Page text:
Today, at tribal encampments, or “homecomings,” many families still camp in the same spot their ancestors have for generations. Campfires are at the ready to prepare food not only for themselves but also for any guests who might stop by. With the shrinkage of Indian lands through the centuries and the availability of hotels near larger, intertribal powwows today, socializing may be done around food tents or while visiting the many vendors who come to sell their artworks and crafts. Such gatherings in Canada and the United States have proven essential for Native peoples living away from their communities and in urban areas to maintain ties to Indigenous culture, even if it isn’t their own. As Zotigh said, powwows have become “a celebration of being Native.”
These events may start with a parade and then the Grand Entry, a procession of participants led into an arena by someone carrying a staff covered by feathers from eagles and other raptors symbolizing skilled hunters and warriors. In the United States, this may be followed by a color guard—four military veterans carrying the flags of the host tribe and the United States as well as one symbolizing servicemen and women and another for the Gold Star mothers of fallen soldiers. The flag-bearers may be followed by the Head Man and Head Woman Dancers and a Powwow Princess. Singers encircle a drum at the center or alongside the arena. Zotigh—who is a member of The Zotigh Singers, a world-renowned group of Native singers and drummers founded by his father, Ralph Zotigh—said that no matter where the drummers are, “the drum is the center of the powwow,” as it sets the tempo for each dance.
Just like professional athletes, some dancers, drummers and singers follow the “powwow circuit” all year long, competing for monetary prizes at events that are frequently also open to non-Native viewers. The Gathering of Nations has also held a Miss Indian World contest since 1984, a year after Derek and Lita Mathews launched what has become the world’s largest powwow. Derek Mathews was at that time just stepping in to help the “Indian club” continue its meetings at the University of Albuquerque, where he served as dean of students and the club’s advisor. This local gathering has since bloomed into a highly competitive, multinational event. It persevered even during the COVID-19 pandemic in 2020 and 2021 through virtual competitions. Attendance resurged with the return of the in-person powwow in 2022, attracting people from around the globe.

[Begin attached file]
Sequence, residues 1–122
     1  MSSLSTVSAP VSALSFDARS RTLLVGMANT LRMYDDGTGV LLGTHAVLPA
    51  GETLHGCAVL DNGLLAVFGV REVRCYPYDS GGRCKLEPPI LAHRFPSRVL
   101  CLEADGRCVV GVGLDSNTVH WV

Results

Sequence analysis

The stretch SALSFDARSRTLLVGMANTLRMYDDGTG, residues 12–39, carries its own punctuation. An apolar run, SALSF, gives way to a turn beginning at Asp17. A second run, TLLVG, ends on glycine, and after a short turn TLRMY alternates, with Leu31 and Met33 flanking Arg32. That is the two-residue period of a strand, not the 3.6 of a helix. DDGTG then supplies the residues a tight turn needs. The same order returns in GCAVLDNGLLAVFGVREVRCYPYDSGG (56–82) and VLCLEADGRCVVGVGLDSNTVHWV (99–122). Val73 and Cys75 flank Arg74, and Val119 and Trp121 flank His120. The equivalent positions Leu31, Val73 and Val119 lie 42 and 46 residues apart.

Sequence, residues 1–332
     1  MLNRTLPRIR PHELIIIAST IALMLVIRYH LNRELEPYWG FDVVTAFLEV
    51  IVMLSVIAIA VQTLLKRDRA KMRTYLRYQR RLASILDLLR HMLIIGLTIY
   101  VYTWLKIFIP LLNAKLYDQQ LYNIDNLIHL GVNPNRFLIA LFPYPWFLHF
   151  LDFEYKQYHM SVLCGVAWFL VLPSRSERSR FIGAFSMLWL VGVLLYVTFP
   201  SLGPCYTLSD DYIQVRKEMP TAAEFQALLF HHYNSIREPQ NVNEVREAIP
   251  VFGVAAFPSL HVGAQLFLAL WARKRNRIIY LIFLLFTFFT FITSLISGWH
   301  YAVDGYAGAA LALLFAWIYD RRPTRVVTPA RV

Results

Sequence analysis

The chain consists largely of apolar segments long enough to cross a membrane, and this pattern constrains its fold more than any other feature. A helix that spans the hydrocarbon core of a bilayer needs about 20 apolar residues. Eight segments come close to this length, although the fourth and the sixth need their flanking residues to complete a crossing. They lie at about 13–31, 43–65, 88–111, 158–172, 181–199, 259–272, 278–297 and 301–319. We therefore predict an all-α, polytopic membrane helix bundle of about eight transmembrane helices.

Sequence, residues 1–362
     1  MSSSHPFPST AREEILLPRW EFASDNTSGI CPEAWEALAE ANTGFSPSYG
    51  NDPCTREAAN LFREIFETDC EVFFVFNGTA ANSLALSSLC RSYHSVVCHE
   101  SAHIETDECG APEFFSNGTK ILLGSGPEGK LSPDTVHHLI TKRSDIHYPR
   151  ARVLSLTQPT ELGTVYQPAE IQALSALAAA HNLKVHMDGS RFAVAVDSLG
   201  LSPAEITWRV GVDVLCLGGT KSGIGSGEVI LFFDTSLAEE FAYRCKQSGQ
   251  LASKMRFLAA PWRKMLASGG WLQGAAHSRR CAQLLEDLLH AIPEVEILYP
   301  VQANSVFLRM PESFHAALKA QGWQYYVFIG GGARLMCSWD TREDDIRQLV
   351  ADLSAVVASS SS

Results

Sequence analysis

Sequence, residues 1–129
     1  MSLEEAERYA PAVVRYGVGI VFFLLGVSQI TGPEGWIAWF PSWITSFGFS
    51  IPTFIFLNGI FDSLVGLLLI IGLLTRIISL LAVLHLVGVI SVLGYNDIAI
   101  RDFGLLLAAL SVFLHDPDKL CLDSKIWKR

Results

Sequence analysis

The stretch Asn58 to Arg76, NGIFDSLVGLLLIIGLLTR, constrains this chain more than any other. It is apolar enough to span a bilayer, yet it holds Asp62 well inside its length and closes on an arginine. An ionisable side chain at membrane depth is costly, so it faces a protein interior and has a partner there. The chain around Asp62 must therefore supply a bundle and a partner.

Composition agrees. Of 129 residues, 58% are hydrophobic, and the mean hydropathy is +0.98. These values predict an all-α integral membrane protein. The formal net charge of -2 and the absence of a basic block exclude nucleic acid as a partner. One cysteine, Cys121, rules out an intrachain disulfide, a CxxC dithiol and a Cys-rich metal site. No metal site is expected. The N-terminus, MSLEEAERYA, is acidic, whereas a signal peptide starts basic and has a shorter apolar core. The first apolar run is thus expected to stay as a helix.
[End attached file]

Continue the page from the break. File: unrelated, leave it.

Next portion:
Although this kind of competition is not reflective of ceremonial powwows, the spirit of bringing together tribes to share their diverse cultures while enjoying a mutual sense of Indigenous community remains. At Gathering of Nations, announcers try to provide a bit of background about each of the different dances, which Derek Mathews said “enables us to bridge that gap” between Native and non-Native attendees. A powwow can be “a cultural pedagogy,” added Lita Mathews.
It can also be “an exciting way for younger people to come away with something positive,” said Derek Mathews. Tori McConnell, this year’s Miss Indian World, said she and the young ladies who have served in this role before her are “advocates for their culture and their people” at public events throughout the year. As her own Yurok and Karuk peoples of northern California do not host powwows, being able to participate in the Gathering of Nations has allowed her to learn from people from many other tribes. “I am truly grateful for the relationships I started here,” she said. Reflecting on the ability of powwows to unite generations and cultures, Derek Mathews said, “The spirit of it all. The drum, the dancing, the healing—it is hard to leave without it coming with you.”
Lester Harragarra (Otoe-Missouria/Kiowa) is an award-winning photographer whose images have been featured in many exhibitions and publications.